Jack Davis (1917 - 17 March 2000 / Perth)
To the Others
You once smiled a friendly smile,
Said we were kin to one another,
Thus with guile for a short while
Became to me a brother.
Then you swamped my way of gladness,
Took my children from my side,
Snapped shut the law book, oh my sadness
At Yirrakalas’ plea denied.
So, I remember Lake George hills,
The thin stick bones of people.
Sudden death, and greed that kills,
That gave you church and steeple.
I cry again for Warrarra men,
Gone from kith and kind,
And I wondered when I would find a pen
To probe your freckled mind.
I mourned again for the Murray tribe,
Gone too without a trace.
I thought of the soldier’s diatribe,
The smile on the governor’s face.
You murdered me with rope, with gun
The massacre of my enclave,
You buried me deep on McLarty’s run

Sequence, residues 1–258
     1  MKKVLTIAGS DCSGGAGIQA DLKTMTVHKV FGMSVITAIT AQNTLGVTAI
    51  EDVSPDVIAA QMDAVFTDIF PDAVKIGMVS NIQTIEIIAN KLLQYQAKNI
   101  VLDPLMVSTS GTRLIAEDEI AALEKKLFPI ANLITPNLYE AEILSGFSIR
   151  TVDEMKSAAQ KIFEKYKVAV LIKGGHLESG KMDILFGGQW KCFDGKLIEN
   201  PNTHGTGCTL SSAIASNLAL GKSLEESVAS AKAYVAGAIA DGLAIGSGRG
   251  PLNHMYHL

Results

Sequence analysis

Flung into a common grave.
You propped me up with Christ, red tape,
Tobacco, grog and fears,
Then disease and lordly rape
Through the brutish years.
Now you primly say you’re justified,
And sing of a nation’s glory,
But I think of a people crucified -
The real Australian story.
Comments about this poem (Aboriginal Australia by Jack Davis )
World Day for Cultural Diversity for Dialogue and Development
celebrated on May 21st every year
Your Favorite Poets’ Favorite Books of Poetry
Daily Rituals of Famous Authors
Writers seem to be the most prone to unshakeable routines and elaborate superstitions.
Incredible Reading Rooms Around the World
Cozy, beautiful places to curl up with a good book...
Top 500 Poems
The Road Not Taken
Still I Rise
If You Forget Me
Edgar Allan Poe
A Dream Within A Dream
Edgar Allan Poe
I Know Why The Caged Bird Sings
Stopping by Woods on a Snowy Evening